University of Texas at Austin

Archive for the ‘physics’ Category


Thursday, October 18, 2012

New physics professor finds Higgs Boson, then Austin

Peter Onyisi is a new assistant professor in the Department of Physics. He was part of the team working with the Large Hadron Collider that confirmed the existence of the Higgs boson particle.

Peter Onyisi is a new assistant professor in the Department of Physics. He was part of the team working with the Large Hadron Collider that confirmed the existence of the Higgs boson particle.

Physicist Peter Onyisi arrives as a new assistant professor in the College of Natural Sciences with an extraordinary feather already in his cap. He was part of the team at CERN working with the Large Hadron Collider that confirmed the existence of the Higgs boson particle.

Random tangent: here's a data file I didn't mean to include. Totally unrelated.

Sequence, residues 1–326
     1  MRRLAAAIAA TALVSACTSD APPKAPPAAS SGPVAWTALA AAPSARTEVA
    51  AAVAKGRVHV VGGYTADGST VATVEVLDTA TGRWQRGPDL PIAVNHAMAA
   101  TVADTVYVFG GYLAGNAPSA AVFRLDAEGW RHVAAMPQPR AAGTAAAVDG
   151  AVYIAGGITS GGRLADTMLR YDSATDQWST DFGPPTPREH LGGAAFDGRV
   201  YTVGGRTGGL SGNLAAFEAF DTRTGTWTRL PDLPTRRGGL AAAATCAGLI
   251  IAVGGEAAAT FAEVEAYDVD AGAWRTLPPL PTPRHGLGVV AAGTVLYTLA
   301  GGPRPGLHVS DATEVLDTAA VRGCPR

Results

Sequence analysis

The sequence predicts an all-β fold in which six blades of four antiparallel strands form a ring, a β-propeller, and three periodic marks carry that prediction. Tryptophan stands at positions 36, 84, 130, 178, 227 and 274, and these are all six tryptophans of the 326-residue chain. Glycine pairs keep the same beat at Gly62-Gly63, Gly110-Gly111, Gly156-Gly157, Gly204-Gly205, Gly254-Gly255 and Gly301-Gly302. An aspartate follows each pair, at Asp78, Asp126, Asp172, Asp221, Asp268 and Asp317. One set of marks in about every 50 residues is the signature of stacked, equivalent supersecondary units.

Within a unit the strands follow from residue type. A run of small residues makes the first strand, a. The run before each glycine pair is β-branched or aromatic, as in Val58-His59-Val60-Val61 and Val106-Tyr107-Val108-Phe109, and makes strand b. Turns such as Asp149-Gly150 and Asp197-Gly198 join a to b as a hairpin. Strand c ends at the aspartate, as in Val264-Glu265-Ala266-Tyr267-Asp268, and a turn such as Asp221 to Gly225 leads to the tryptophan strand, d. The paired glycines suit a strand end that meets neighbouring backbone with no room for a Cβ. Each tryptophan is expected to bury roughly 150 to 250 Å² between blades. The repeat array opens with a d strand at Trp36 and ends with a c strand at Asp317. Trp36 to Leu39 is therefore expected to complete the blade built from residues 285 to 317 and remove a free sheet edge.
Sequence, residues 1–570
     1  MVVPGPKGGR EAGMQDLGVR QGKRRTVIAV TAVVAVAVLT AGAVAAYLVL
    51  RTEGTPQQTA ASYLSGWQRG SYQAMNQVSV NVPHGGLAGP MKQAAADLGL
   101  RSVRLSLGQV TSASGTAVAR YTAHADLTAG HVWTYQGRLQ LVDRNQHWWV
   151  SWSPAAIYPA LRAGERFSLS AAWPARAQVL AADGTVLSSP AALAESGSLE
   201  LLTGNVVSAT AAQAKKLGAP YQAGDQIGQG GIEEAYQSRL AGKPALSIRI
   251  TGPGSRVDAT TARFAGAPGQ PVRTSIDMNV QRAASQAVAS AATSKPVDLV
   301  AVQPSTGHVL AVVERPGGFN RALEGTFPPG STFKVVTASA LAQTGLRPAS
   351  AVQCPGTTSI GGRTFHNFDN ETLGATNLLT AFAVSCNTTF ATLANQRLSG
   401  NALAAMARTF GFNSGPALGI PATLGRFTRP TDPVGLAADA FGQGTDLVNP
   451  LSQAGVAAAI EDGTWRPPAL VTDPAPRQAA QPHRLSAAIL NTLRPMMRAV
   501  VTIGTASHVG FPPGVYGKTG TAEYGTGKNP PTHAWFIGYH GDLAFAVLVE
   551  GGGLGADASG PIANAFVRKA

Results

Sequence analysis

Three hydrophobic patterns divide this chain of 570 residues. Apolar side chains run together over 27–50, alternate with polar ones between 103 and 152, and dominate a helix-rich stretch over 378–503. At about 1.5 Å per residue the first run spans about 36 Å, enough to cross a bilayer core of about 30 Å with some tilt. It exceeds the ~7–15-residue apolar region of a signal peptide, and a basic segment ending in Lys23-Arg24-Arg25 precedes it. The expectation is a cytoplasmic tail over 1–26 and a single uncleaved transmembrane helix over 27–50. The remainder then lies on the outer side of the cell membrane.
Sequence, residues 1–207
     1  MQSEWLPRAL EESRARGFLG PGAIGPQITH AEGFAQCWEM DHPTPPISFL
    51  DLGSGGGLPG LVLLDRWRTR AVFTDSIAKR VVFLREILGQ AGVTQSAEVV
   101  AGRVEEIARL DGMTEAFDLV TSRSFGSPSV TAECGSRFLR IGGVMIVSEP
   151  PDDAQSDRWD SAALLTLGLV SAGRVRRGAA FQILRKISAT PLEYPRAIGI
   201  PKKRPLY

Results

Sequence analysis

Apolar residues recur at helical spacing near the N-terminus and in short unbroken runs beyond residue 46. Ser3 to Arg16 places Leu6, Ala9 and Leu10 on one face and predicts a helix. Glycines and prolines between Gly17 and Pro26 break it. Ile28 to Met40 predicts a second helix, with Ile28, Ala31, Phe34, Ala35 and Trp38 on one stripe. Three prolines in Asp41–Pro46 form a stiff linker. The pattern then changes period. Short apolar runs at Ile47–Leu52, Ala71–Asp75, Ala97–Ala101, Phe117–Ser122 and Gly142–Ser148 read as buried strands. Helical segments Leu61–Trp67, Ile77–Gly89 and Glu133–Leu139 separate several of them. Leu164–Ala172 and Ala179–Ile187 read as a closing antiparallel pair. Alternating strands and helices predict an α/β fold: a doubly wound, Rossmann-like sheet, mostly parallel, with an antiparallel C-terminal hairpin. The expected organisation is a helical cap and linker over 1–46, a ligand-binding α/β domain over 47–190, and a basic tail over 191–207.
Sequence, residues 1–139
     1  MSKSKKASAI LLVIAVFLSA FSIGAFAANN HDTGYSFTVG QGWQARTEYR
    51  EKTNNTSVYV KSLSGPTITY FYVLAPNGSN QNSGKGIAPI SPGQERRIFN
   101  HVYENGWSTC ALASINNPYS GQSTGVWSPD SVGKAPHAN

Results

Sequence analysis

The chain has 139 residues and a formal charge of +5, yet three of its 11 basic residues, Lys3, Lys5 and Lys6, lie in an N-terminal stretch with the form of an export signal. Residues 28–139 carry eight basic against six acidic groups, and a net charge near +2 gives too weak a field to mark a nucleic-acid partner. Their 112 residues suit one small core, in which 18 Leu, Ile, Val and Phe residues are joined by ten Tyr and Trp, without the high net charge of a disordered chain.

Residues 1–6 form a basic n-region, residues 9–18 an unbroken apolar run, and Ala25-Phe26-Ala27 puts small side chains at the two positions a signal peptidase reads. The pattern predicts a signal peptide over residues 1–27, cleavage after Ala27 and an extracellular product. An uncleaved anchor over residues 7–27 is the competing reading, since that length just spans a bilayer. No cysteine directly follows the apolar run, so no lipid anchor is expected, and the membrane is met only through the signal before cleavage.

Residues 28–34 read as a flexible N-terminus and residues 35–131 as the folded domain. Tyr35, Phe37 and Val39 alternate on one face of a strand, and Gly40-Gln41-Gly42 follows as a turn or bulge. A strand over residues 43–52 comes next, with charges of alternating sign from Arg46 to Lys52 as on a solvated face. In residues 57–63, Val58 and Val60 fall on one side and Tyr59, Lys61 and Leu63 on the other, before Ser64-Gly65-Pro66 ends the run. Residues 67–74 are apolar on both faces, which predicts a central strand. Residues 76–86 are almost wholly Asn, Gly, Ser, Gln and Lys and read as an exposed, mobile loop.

Daniel Oppenheimer in
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Friday, June 3, 2011

“Science Secrets” author zaps popular science myths; i.e., Einstein not wound up by synchronizing Swiss clocks

Associate Professor of History Alberto Martinez.  Photo by Judy Hogan.

Associate Professor of History Alberto Martinez. Photo by Judy Hogan.

Jessica Sinn in the College of Liberal Arts conducted a question-and-answer session with Alberto Martinez, associate professor in the Department of History, about his new book, “Science Secrets: The Truth about Darwin’s Finches, Einstein’s Wife, and Other Myths.”

Legend has it Benjamin Franklin ventured out on a stormy day to fly a kite with a lightning rod and a key dangling on the end of the string. When the lightning struck the
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Tuesday, January 11, 2011

DIY: Building your own spin zone

Physics Professor Alex de Lozanne and his lab are building a $438,000 scanning tunneling microscope from the ground up.